After more than seven months of pushing for the province to share more information with a coalition of First Nations, an agreement on disclosing COVID-19 case numbers has been reached.
Today the deal was announced by the Nuu-chah-nulth Tribal Council, Heiltsuk Nation and Tsilhqot’in National Government, which entails Provincial Health Officer Bonnie Henry disclosing the number of COVID-19 cases in communities that are near reserves or treaty settlement lands. For the 14 nations that belong to the NTC, these communities include Bamfield, Port Alberni, Ucluelet, Tofino, Campbell River, Zeballos, Gold River and Tahsis.
Since early 2020 the Ministry of Health has given regular updates on the number of confirmed COVID-19 cases, with tallies for each health region. But without knowing how many cases are in the towns Nuu-chah-nulth-aht visit, First Nations were being deprived of vital information, said NTC President Judith Sayers.
“We have said from the beginning that as governments we need this information to make good decisions on preventing the spread of COVID into our communities and letting our members know when they may need to be extra careful going into towns to do their essential services,” she said.
Now regular updates will be provided to the NTC nations on the number of cases in nearby towns. But the agreement also includes conditions on how much information will be shared. The First Nations are not to disclose the numbers to their members through any publication or announcements; rather councils can advise people which places have a higher risk of contracting the highly infectious respiratory virus.
“We can get to lockdown if we need to and just say, ‘Members, you’re not travelling anywhere, we’ll bring in food’,” said Sayers.
The information provided to the nations does also not show “real time” cases, as numbers disclosed will be based on tests conducted at least six days before, specifies the agreement.
Case numbers are to be made public if they reach 10 in a town with a population under 20,000 over a 28-day period. For larger cities like Campbell River, the threshold for public disclosure is five cases.
“I recognise that Indigenous communities in British Columbia have been seriously and negatively impacted by historical epidemics,” said Dr. Bonnie Henry in a statement. “My office is sharing information in the spirit of reconciliation, to realise self-governance and self-determination, and to ensure an effective public health response to COVID-19.”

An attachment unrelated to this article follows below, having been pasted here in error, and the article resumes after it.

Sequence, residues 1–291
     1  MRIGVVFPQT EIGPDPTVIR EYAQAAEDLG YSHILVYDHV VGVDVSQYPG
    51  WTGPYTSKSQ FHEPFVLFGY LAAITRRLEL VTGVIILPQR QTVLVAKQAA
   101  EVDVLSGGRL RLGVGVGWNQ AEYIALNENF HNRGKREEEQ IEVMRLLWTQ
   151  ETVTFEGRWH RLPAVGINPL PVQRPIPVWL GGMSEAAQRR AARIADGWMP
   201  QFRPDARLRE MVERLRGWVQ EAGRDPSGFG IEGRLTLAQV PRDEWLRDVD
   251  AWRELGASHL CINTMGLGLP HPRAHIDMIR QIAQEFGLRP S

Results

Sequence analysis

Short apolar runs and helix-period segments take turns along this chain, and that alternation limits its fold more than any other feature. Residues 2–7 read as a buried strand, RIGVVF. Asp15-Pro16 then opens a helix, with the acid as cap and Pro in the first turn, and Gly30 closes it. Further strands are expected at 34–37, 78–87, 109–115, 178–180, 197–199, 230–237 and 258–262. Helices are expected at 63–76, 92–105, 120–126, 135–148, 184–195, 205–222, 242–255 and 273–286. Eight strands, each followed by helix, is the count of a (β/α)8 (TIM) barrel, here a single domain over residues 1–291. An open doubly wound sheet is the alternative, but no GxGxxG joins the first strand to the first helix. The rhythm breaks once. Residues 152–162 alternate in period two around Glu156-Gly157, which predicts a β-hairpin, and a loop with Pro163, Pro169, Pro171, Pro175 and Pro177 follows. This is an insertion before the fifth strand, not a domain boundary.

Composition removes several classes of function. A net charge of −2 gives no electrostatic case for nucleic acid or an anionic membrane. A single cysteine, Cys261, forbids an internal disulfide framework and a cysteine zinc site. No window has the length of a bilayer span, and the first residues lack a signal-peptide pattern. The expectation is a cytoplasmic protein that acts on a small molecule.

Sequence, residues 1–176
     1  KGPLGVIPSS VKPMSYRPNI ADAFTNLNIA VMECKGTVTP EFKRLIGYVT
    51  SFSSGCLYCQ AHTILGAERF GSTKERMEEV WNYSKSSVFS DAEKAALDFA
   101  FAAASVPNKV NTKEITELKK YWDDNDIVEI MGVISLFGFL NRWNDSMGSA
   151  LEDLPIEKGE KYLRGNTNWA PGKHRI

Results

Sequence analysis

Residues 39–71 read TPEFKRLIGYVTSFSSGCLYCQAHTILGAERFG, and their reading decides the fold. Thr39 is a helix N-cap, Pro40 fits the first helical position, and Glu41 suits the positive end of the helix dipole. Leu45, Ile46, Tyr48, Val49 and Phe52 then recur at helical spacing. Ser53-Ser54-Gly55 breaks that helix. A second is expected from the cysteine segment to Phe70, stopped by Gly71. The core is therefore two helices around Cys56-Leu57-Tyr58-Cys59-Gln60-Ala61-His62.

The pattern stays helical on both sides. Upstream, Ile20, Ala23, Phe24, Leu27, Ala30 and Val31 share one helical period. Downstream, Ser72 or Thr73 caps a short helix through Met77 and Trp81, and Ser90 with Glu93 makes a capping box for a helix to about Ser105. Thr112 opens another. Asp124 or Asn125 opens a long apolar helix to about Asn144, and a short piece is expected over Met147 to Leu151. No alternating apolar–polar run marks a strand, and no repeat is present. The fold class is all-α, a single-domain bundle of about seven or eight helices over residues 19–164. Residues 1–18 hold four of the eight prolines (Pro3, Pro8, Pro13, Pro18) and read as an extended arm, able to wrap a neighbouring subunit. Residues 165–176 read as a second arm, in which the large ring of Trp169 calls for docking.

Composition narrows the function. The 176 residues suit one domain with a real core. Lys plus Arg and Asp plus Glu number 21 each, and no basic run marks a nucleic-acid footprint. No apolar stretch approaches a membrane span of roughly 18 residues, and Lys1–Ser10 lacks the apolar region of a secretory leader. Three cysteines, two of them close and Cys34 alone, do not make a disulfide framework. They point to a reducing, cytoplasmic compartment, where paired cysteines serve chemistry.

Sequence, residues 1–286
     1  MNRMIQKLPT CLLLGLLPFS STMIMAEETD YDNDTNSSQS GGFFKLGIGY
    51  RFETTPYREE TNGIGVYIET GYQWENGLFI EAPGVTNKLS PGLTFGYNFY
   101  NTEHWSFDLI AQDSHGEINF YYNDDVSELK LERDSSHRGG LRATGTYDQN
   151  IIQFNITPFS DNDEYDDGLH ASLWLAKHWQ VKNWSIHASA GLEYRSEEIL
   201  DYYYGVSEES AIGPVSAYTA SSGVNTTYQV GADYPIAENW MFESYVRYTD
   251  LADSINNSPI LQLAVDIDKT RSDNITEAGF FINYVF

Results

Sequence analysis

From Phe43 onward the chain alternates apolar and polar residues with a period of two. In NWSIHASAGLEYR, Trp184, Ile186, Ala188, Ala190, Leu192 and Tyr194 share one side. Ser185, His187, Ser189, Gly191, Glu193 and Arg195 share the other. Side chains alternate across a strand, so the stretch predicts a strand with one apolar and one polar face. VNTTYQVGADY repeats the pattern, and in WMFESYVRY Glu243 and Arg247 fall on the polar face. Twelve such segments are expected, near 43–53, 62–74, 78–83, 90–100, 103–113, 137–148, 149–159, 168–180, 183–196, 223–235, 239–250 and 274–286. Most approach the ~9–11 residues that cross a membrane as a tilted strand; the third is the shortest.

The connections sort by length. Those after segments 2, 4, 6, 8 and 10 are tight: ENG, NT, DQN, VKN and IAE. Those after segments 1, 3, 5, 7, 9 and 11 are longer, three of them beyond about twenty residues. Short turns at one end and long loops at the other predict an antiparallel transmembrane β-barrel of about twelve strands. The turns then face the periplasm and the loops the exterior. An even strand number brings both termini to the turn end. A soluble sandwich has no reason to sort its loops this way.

The agreement will provide the coalition of First Nations with more information to protect their members from infection, but it falls short from what was requested since June. The identity of an infected member of one of the nations will not be disclosed, nor will the locations of where a confirmed case travelled to or where the exposure occurred.
Language in the agreement notes that the nations assess COVID-19 risk differently than the provincial health officer, and that the new arrangement is not necessarily satisfactory.
“[T]hey view negotiating this agreement to have been a long and frustrating process,” reads the document. “The nation is of the view that systemic change must occur in B.C.’s healthcare system, including the nation’s view that new structures and protocols that support sufficient and timely information sharing with Indigenous governments during emergencies should be established”.
“It does give us more information, it allows us to do some risk management,” said Sayers. “When people are out there doing their thing - essential services and that sort of thing - they need to know what they’re walking into, to know to be extra careful.”
Since the start of the pandemic the province has tightly controlled information on the specific location of confirmed cases. Previous responses to the coalition’s request have cited the importance of protecting privacy requirements. In December an application to the B.C. Information and Privacy Commissioner was declined, as “sufficient information is already available,” according to the commissioner.
Minister of Health Adrian Dix previously defended the need to keep COVID-19 data close to his chest, suggesting that more public disclosure could discourage others from reporting their illness for fear of discrimination. In January members of the Cowichan Tribes encountered this from local businesses after the First Nation reported an outbreak on it’s reserve.